When I first heard that Edward Norton would not be returning to the role of "The Hulk" in [The Avengers](movie:9040), I was crushed. I saw The Incredible Hulk at the ripe old age of 14 with no experience in the superhero movie field besides Sam Raimi's Spiderman trilogy, and I had zero (not low, just none) expectations for the film. I thoroughly enjoyed the movie and the performances of the cast. I hadn't seen Iron Man yet but I still knew enough about him to have my first Marvel post-credit heart attack of excitement when RDJ appeared after the close. When the announcement came that Mark Ruffalo was to take up the mantle of the big green rage monster I decided to do some research. Despite my early feelings of doubt, I ended up discovering one of my favorite actors and a man truly worthy of the world's strongest hero.
Mark was born to Frank and Marie Ruffalo, a construction painter and hair stylist respectively. He and his 3 siblings grew up in Kenosha, Wisconsin and Virginia Beach, Virginia. Mark moved to California after high school and balanced his time between classes and the Orpheus Theatre Company. This company is an equity-waiver foundation, which is typically a 99-or-less seat theater. Actors who perform at such theaters are not required to be part of a union, which makes them ideal for opportunities to be discovered by agents. As a co-founder of the enterprise, Ruffalo worked across the board as a writer, actor and director, as well as a set builder and light operator. After 9 years of small roles and bartending, Ruffalo met Kenneth Lonergan, who cast Mark in his play This Is Our Youth as well as the lead in his movie You Can Count On Me in 2000. Ruffalo appeared in The Last Castle one year later and XX/XY and Windtalkers in 2002...
...but took a break from acting after being diagnosed with acoustic neuroma, a brain tumor that can cause hearing loss, balance issues, and facial pain, among other symptoms. Thankfully the tumor was benign, and despite a short period of partial facial paralysis he quickly returned to the spotlight in 2003 as Detective Giovanni Malloy in In the Cut and pilot instructor Ted Stewart in View from the Top.
2004 was a very busy and successful year for Ruffalo. He appeared in Collateral alongside Tom Cruise, portrayed Jennifer Garner's love interest Matt Flamhaff in 13 Going on 30, and starred as Jack Linden in We Don't Live Here Anymore. His role as Lacuna brain technician Stan in Eternal Sunshine of the Spotless Mind...
...along with his other films of that year boosted his popularity significantly and solidified his career. He went on to star as architect David Abbot in Just Like Heaven in 2005, played the role of Adam Stanton in the 2006 thriller All the King's Men, and in 2007 portrayed Inspector David Toschi in mystery-drama Zodiac...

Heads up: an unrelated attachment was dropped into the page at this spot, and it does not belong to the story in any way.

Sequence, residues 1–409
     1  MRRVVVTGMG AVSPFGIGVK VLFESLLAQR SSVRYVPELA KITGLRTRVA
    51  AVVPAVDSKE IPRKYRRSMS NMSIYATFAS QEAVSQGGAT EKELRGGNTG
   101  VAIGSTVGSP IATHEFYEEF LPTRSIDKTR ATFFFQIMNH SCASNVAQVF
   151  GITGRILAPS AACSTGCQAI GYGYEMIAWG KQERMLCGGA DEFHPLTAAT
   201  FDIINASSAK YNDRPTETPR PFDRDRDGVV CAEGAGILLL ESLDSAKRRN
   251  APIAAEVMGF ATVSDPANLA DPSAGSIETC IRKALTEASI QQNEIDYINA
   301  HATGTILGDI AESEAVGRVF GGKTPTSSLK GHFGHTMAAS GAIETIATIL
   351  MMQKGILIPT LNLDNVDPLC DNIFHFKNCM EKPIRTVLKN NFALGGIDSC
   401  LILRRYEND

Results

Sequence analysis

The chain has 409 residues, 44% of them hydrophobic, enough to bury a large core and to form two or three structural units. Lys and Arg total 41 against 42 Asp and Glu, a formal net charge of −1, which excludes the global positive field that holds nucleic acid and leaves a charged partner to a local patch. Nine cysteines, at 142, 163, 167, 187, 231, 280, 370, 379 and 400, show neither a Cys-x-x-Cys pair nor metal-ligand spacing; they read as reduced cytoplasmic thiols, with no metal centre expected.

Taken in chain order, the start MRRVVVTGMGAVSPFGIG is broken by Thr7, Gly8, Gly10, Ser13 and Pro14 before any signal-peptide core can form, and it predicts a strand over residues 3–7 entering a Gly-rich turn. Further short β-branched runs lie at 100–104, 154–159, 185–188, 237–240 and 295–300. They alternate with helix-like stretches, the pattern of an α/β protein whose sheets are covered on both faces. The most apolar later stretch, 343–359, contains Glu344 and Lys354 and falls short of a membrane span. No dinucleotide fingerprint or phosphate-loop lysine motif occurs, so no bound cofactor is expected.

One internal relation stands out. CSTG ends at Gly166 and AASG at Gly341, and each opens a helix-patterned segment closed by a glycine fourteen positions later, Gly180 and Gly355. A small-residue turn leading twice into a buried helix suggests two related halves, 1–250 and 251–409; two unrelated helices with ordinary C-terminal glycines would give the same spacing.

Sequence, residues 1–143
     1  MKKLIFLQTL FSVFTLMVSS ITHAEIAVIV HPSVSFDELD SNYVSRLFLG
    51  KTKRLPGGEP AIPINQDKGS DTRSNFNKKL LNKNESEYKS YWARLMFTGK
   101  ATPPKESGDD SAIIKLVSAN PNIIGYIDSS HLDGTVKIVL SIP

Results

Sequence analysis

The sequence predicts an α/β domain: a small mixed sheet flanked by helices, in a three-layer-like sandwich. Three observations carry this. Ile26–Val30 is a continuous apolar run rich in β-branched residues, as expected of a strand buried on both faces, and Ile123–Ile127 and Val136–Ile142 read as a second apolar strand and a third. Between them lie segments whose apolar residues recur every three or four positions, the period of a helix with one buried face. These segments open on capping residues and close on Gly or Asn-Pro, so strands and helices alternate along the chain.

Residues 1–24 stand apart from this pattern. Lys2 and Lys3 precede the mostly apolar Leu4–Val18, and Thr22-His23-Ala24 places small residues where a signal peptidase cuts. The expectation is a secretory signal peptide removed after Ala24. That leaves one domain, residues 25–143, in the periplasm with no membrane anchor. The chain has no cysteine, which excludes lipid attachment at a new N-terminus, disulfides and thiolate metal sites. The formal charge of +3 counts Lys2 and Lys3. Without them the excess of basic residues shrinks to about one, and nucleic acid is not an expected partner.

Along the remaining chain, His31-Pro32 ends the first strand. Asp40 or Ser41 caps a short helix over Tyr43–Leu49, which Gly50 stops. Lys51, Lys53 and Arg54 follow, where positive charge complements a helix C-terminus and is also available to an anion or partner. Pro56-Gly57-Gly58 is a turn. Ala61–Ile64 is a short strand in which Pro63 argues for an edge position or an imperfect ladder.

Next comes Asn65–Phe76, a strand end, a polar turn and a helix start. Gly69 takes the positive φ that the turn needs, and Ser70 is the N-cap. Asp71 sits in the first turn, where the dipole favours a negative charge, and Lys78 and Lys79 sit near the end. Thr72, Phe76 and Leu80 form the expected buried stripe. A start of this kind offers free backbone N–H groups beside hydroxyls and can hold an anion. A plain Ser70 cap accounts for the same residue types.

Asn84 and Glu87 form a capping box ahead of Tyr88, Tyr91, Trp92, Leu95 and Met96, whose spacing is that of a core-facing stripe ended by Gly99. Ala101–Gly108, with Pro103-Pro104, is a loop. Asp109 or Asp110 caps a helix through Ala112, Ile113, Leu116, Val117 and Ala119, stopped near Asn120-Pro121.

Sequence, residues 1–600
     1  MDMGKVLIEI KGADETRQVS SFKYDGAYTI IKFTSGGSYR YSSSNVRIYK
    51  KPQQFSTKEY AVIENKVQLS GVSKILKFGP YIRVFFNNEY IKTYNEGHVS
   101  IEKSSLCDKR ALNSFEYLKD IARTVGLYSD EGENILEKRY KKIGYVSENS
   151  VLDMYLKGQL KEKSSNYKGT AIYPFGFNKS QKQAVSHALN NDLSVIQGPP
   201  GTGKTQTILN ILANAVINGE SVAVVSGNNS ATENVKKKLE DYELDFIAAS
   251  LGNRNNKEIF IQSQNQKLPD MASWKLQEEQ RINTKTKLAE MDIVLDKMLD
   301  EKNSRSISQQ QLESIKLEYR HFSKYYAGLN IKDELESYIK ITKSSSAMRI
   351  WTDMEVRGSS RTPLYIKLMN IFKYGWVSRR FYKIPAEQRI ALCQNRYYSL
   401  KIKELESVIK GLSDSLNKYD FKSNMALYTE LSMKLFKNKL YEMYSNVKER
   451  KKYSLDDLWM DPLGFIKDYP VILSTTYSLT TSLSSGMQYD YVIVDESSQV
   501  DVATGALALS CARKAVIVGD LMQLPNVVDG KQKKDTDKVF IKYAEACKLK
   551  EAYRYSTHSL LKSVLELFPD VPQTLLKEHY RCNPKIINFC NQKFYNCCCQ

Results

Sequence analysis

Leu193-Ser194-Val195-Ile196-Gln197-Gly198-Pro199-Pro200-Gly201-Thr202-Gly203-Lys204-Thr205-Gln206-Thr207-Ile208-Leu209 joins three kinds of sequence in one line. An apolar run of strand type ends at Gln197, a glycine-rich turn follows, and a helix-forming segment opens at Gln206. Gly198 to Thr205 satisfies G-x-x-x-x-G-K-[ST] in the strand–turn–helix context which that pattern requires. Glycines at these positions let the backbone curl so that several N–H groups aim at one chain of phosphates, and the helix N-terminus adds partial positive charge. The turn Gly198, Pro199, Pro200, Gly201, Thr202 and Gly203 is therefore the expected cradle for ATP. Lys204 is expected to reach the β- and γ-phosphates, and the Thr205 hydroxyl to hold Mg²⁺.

...and played the part of Dwight Arno in Reservation Road. In 2008 he appeared in The Brothers Bloom as one half of a legendary con artist team, as well as two dramas, and in 2009 he had a small role as The Boyfriend in Where the Wild Things Are. In 2010 Ruffalo appeared in Shutter Island as U.S. Marshall Chuck Ale and in The Kids Are All Right as sperm donor Paul...
...and directed indie film Sympathy for Delicious. His work on Sympathy for Delicious won him the Special Jury Prize at the Sundance Film Festival, and his performance in The Kids Are All Right earned him nominations for Best Supporting Actor in multiple organizations, including the Screen Actors Guild and the Academy Awards. After appearing in a small role in Date Night and starring in another production of Kenneth Lonergan's, he received a role that would catapult him to movie screens all over the world.
A Hero Is Made
Ruffalo made his MCU debut as Dr. Bruce Banner in The Avengers. His portrayal of the scientist did what Norton and Bana before him could not: he brought real life and an approachable complexity to Banner and the Hulk.
Ruffalo's performance was wildly successful and has sparked theories of whether or not Marvel might make another attempt at a Hulk movie, but so far we'll have to be content with Ruffalo smashing his way through enemies alongside the Avengers. Notably his interaction with Robert Downey Jr.'s Tony Stark in The Avengers as well as in a post credit scene for [Iron Man 3](movie:24391) was delightful, and highlighted Banner's abilities as a scientist alongside his destructive alter ego.
Since The Avengers was released Ruffalo has performed in comedy/dramas Thanks for Sharing and Begin Again and starred in 2013's crime thriller Now You See Me. Now You See Me 2 has officially been confirmed and he will reprise his role as Dylan Rhodes. He will appear in Foxcatcher, a biography of Olympic wrestler Mark Schultz, on November 14 of this year. Ruffalo will reprise his role as The Hulk in [The Avengers: Age Of Ultron](movie:293035), and thanks to the movie's teaser trailer we now know we will get to see Hulk go up against Iron Man's Hulkbuster armor. Avengers: Age of Ultron will premier on May 1, 2015
What's your favorite Mark Ruffalo movie? Are there any movies of his that you are interested in seeing or want to recommend to your fellow moviegoers? Do you think you can last all the way until May for the next Avengers movie? Sound off in the comments, and thanks for reading!